C.W. Gusewelle

A sly affair

Katie and Charles Gusewelle
Katie and Charles Gusewelle

From “On the Way to Other Country”

Our relationship — well, why not finally just be forthright about it? In a word, our relationship is clandestine.

To friends and others who may be shocked or saddened by this revelation I can only say that I am sorry and ask their understanding. I did not mean for things between us to turn out this way. But it has gone too far and I am in too deeply now. I would not turn back, even if I could.

Sometime it is she who telephones, and sometimes I. (Who takes the initiative is not important. In an affair such as ours, where moments together must be stolen as they can, there is no time for little protocols.) Mostly we meet for lunch. We prefer some quiet place with cloth napkins where wine is served and where, at an out of the way table or in a corner booth, their is less chance of being seen by anyone we know.

There, in what privacy is available to us, we open to one another our feeling and our most secret thoughts. For that hour or two we shut out the world.

Somehow I exist between these meetings, but it is painful. And then, when we do contrive to be together, the time goes past with such cruel speed that, afterward, I am left always with a rueful aftertaste of emptiness, almost resentment. I look around us at the other people, other men and women, so at ease, taking companionship so much for granted. And I am filled with envy for what I imagine their lives to be.

This is no way for anyone to have to live, we sometimes tell ourselves. Can it be that these furtive hours are all we’ll ever share together? But even as we ask, we know the answer. We are not children, after all. That is the nature of an affair, and we should have known it from the start.

I have considered taking an apartment — some modest little midtown place where we could be alone together for longer than a meal. It would not need to be elaborate, so long as it was not actually depressing. Some simple furnishings. No telephone. A view, if possible. I’ve thought of it, but have hesitated to make the proposal. Because she is, in spite of any conclusions you have drawn, a proper sort of girl. The suggestion might even offend her.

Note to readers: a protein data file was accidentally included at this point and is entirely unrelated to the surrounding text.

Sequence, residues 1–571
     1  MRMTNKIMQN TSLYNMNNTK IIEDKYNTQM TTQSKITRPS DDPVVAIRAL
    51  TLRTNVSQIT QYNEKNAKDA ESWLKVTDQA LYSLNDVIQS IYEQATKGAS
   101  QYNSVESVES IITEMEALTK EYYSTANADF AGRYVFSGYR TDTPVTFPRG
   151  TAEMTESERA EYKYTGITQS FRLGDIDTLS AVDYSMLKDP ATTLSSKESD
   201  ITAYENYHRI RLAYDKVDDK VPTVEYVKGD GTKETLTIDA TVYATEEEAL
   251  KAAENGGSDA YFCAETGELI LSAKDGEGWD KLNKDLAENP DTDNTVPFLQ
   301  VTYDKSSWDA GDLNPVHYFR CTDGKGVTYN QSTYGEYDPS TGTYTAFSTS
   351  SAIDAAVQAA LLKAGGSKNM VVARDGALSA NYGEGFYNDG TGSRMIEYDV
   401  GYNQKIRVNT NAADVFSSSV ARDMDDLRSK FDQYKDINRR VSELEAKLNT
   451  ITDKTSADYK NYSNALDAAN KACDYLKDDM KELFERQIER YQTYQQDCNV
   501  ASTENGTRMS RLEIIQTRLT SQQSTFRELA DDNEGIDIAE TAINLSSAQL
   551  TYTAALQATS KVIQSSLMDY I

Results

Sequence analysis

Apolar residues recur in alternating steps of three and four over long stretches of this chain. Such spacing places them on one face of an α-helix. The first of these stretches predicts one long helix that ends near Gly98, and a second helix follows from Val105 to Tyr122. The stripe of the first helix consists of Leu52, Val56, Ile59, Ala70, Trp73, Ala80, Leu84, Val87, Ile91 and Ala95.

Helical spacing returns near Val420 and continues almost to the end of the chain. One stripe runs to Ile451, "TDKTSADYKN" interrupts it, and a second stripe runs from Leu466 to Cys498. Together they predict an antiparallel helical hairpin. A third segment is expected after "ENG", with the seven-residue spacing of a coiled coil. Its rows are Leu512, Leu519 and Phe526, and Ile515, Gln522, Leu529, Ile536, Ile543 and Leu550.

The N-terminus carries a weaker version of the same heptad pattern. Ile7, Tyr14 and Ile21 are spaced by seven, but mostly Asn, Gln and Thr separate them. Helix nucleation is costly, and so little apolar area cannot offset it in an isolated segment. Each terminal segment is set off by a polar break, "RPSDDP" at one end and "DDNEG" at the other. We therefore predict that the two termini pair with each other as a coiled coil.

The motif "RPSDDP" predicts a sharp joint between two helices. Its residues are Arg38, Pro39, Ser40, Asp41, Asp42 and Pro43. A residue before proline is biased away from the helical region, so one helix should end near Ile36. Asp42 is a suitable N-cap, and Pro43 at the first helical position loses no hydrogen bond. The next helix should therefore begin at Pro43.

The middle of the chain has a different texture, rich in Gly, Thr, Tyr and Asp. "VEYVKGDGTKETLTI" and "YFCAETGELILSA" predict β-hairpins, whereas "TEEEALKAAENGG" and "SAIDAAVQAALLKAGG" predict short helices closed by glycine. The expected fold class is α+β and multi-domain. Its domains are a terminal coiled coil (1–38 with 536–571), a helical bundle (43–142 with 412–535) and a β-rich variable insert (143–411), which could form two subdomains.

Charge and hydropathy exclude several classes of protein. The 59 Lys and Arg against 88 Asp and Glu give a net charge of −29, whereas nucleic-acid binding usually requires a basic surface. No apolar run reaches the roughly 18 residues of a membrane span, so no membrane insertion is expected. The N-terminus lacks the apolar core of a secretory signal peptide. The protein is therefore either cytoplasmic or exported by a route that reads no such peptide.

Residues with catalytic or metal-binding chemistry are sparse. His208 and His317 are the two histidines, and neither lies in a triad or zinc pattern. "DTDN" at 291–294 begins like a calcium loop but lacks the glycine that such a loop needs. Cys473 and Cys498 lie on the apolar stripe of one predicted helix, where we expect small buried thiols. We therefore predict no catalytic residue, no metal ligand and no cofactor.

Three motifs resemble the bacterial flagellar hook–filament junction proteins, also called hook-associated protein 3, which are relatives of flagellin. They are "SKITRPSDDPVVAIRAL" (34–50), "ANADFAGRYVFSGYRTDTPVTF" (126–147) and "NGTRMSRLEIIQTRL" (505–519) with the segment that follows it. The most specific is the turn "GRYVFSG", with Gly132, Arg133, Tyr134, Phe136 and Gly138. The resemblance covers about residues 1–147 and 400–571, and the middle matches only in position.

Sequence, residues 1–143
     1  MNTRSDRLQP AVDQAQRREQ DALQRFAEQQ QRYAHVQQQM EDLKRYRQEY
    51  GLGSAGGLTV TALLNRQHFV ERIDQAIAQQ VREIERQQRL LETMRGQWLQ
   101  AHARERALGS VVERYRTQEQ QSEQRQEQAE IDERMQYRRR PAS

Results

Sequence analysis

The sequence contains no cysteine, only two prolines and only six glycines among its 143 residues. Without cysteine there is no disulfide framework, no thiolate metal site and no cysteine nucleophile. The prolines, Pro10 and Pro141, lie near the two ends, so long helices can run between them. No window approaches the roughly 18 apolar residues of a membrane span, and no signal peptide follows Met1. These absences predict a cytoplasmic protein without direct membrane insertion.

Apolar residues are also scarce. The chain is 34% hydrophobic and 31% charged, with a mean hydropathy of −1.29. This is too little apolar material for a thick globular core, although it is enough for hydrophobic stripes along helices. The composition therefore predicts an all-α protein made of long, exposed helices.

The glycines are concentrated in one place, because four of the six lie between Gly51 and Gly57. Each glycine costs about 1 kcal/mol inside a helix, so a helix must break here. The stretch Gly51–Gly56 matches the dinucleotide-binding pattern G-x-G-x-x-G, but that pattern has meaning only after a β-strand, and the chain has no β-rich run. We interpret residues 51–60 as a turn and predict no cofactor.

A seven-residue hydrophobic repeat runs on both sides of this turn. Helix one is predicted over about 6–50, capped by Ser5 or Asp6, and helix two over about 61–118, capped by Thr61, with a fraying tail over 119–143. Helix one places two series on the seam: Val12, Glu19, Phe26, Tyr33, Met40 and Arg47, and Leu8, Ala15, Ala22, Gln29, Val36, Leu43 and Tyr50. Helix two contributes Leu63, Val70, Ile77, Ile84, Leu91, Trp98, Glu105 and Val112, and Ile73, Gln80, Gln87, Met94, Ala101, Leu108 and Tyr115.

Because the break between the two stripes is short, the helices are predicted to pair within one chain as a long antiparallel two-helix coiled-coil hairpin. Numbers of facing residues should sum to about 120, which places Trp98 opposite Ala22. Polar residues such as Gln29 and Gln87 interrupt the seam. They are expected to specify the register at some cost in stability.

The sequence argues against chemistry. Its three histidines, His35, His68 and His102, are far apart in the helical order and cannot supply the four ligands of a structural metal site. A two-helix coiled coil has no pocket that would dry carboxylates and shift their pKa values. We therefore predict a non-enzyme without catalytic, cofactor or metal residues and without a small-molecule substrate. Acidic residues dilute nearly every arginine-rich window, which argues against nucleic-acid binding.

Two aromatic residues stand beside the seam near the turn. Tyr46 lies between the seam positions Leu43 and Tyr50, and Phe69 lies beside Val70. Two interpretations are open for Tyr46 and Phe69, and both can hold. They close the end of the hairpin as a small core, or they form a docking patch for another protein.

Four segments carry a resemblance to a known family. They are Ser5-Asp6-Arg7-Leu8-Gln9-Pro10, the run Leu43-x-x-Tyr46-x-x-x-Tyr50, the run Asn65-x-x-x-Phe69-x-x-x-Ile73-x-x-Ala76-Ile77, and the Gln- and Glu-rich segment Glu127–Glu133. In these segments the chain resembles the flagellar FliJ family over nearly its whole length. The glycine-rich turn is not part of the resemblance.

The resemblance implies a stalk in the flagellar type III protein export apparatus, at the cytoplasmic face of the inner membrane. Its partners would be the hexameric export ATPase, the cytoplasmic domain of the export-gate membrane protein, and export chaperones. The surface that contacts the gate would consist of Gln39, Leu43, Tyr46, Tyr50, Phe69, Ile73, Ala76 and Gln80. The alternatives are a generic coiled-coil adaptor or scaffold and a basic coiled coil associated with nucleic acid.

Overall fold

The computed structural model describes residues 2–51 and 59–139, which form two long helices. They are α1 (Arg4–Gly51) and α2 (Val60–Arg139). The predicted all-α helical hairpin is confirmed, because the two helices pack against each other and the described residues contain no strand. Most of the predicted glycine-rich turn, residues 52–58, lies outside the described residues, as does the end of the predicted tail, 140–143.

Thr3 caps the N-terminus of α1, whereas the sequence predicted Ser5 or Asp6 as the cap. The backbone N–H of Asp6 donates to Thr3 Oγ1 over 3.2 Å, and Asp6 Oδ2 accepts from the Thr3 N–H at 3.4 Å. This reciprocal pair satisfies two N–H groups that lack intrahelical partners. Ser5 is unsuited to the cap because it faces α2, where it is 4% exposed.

So there you have it, and I hope you will excuse my burdening you with so personal a matter. There is nothing more to tell. We are trapped, both of us, and as far as I can see there is no help for it.

We both have our responsibilities.

And sometimes in the course of one of our trysts, the recollection of those responsibilities will intrude. “Good heavens,” she will cry out. “I almost forgot it’s my afternoon for the car pool. And there’s a Brownie meeting after that. Then there’s a man coming to fix the basement drain.”

And I will remember that the dry cleaning is ready and the bank is overdrawn, that the dog needs vaccination and the neighborhood association has been writing nasty letters about my refusal to rake my leaves.

So we will leap up, then, the wine undrunk in our glasses, and flee out of there still crying out to one another our grim itineraries. Our meetings are wonderful and tender. But our partings, as you can see, are not the stuff of literature.

The house she goes home to and the one I go home to — where sometimes we pass briefly and almost wordlessly between errands — is the same house. In case I neglected to mention it, we are married, that girl and I. But home, as Robert Frost said, is only the place where, when you go there, they have to take you in. And marriage is a logistical exercise, like getting the troops ashore in Normandy or the coals to Newcastle.

Romance is different. Romance is something you look for over lunch.